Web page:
Mulberry Fruit: Nutrition Facts and Health Benefits

Mulberries come in all different colors and varieties.

Similar to most berries, they offer a delicious taste and a good source of nutrients – particularly vitamin C.

This article examines the different varieties of mulberry fruit, their benefits, and their full nutrition profile.

What Are Mulberries?

A Single Fresh Red Mulberry Fruit.

The mulberry fruit, scientifically known as Morus nigra, grows on a type of deciduous tree (Morus) belonging to the Moraceae family.

This family is otherwise known as the “mulberry family.”

While most people recognize the name “mulberry,” there are many different varieties of this fruit, and the berries are slightly different from region to region.

Mulberries grow around the world, and they have an appearance reminiscent of blackberries and raspberries.

However, mulberries tend to have a slightly longer (and larger) body, and they grow on trees rather than plants like blackberries and raspberries.

Mulberries have a sweet and slightly tart taste, and the berries are juicy and refreshing.

Types of Mulberry

There are dozens of mulberry species growing around the world, and they range in color, shape, and taste.

However, the three predominant species include black, red, and white mulberries.

Black Mulberries (Morus nigra)

Black mulberries are native to the Middle East, and they are prevalent from Turkey to India.

However, these berries now grow throughout much of Europe.

Despite the “black” in their name, these mulberries are a dark purple color, and they have a slightly sweet, tart flavor.

Red Mulberries (Morus rubra)

Red mulberries originated in North America, and they range in color from bright blood-red to a shade of burgundy.

Similar to black mulberries, this variety has a slightly tart flavor.

White Mulberries (Morus alba)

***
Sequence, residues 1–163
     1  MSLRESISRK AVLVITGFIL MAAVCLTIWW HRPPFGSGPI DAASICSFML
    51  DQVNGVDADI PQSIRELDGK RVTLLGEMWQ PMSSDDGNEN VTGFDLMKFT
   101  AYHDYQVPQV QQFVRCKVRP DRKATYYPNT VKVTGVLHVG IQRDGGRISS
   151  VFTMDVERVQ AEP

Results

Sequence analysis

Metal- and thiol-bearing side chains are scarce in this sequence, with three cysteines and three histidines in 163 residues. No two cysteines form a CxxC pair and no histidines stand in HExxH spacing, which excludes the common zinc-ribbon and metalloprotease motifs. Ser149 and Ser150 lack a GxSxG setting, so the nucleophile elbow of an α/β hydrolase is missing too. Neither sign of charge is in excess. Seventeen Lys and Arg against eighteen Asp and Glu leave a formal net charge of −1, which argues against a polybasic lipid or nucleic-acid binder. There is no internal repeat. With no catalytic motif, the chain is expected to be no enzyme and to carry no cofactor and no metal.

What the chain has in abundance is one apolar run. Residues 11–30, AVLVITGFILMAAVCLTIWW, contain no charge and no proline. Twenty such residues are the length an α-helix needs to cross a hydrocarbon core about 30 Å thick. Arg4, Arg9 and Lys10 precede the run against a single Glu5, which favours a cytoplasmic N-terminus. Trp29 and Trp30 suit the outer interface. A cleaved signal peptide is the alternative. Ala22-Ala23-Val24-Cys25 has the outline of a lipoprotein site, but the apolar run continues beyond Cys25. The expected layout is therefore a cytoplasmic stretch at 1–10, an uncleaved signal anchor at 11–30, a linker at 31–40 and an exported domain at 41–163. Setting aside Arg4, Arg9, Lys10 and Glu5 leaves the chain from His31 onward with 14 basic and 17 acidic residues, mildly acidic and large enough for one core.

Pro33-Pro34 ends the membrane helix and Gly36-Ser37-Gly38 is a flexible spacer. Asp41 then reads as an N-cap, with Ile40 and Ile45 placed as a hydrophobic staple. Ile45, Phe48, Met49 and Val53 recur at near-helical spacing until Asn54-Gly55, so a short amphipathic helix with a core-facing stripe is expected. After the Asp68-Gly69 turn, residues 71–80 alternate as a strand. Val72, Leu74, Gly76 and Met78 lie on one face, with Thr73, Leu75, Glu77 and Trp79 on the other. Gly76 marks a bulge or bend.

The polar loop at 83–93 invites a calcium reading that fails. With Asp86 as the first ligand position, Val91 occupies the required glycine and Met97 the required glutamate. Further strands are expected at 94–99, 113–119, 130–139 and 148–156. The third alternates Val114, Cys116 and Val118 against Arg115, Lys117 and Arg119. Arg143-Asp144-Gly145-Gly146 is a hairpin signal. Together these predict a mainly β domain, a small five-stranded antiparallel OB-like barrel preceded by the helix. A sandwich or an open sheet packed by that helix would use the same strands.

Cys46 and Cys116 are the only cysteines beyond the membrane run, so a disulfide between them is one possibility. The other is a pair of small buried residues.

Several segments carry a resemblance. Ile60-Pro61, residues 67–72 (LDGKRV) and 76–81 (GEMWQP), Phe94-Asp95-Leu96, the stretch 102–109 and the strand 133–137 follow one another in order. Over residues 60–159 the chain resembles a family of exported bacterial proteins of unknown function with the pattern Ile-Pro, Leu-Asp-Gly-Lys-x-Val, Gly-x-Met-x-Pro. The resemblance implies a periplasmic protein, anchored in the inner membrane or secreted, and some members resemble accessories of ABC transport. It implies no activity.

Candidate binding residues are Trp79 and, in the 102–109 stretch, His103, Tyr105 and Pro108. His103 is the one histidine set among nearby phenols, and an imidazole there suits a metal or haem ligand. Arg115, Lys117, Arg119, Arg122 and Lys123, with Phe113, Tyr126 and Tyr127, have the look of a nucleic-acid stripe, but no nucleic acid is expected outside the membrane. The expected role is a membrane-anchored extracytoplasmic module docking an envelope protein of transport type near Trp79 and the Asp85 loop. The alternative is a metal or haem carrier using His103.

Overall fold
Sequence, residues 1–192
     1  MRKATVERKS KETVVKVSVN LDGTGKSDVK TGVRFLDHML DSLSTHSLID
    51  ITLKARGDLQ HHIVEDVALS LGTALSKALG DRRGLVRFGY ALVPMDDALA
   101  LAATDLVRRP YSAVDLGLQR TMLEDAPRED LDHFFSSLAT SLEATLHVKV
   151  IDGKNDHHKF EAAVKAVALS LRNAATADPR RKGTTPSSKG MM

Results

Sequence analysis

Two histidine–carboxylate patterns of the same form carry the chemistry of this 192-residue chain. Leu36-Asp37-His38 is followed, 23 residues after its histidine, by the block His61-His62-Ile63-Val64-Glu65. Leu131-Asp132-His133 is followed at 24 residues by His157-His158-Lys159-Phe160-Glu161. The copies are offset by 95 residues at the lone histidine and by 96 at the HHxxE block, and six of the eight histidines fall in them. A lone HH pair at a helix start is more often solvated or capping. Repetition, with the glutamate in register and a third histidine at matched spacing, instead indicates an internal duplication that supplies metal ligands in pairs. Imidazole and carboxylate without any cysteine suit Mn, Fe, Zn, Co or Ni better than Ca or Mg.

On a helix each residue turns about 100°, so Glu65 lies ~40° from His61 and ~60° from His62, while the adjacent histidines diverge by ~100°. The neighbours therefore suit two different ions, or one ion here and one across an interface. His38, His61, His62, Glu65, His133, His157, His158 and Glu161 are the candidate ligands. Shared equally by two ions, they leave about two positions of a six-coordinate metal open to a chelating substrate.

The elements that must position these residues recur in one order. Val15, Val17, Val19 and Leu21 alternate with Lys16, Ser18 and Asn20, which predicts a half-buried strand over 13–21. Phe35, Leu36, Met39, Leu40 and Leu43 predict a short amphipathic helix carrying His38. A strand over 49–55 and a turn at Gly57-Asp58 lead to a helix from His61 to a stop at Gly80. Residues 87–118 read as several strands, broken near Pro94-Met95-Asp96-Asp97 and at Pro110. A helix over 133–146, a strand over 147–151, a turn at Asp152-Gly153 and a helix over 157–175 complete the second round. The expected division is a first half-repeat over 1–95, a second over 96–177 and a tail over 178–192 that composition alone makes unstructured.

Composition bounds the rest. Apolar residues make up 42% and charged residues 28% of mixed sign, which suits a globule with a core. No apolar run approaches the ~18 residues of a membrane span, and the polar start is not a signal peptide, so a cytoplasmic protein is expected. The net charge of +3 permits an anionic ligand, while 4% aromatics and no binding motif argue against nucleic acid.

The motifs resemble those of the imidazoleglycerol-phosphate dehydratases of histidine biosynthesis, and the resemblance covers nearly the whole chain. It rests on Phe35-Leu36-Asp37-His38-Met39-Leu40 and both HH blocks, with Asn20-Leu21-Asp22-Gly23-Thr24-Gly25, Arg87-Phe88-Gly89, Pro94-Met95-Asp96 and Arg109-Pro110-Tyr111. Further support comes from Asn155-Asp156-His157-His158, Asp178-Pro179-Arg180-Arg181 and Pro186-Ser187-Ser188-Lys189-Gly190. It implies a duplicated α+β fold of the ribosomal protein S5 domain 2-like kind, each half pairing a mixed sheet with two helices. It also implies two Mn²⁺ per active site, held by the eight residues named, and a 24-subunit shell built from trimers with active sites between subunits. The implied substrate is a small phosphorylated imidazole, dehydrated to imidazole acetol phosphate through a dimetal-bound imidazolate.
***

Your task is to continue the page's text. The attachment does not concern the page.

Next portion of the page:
White mulberries are native to East Asia, and they are prevalent throughout Eastern China, Korea, and Japan.

Unlike black and red mulberries, the white variety has a sweeter taste without the sour notes.

Most commercial dried mulberry products are white mulberries.

Key Point: The mulberry is a large, sweet and slightly sour fruit that comes in numerous different varieties. The three most common are black, red, and white mulberries.

Mulberry Nutrition Facts

Single Fresh Black Mulberry Fruit.

Sourced from the USDA Food Composition Databases, here are the full nutritional values for mulberries per 100 grams (1).

Calories and Macronutrients

Calorie and Macronutrition Profile For Mulberries Per 100g
Calories/Macro Amount (kcal/grams)
Calories 43 kcal
Carbohydrate 9.8 g
 – Fiber 1.7 g
 – Sugars 8.1 g
Fat 0.4 g
 – Saturated Fat Trace
 – Monounsaturated Fat Trace
 – Polyunsaturated Fat 0.2 g
 – Omega-3 1.0 mg
 – Omega-6 206 mg
Protein 1.4 g


RDI = Reference Daily Intake.

Vitamin Content of Mulberry Fruit Per 100g
Vitamin Amount % RDI
Vitamin C 36.4 mg 61 %
Vitamin K1 7.8 mcg 10 %
Vitamin B2 0.1 mg 6 %
Vitamin E 0.9 mg 4 %
Vitamin B3 0.6 mg 3 %
Vitamin B6 0.1 mg 3 %
Vitamin B1 Trace 2 %
Folate 6.0 mcg 1 %
Vitamin A 25 IU 0%


Mineral Content of Mulberry Fruit Per 100g
Mineral Amount % RDI
Iron 1.9 mg 10 %
Potassium 194 mg 6 %
Magnesium 18.0 mg 5 %
Calcium 39.0 mg 4 %
Phosphorus 38.0 mcg 4 %
Copper 0.1 mg 3 %
Zinc 0.1 mg 1 %
Selenium 0.6 mcg 1 %
Sodium 10.0 mg 0 %
Key Point: Mulberries are primarily a source of carbohydrate, and they offer a good amount of vitamin C, vitamin K, and non-heme iron.

Health Benefits

White Mulberries In a White Cup.

Mulberries may have several health benefits related to the nutrients and bioactive compounds they contain.

Here is a summary of their potential benefits.

1) Excellent Source of Vitamin C

Mulberries are one of the best fruit sources of vitamin C and a regular cup (140-gram) serving provides 85% of the RDI for the vitamin (1).

For comparison, this is the same amount of vitamin C that a medium-sized orange contains (2).

Vitamin C is vital for our body because it has a crucial role in the growth, repair, and maintenance of our body’s cells and functions (3).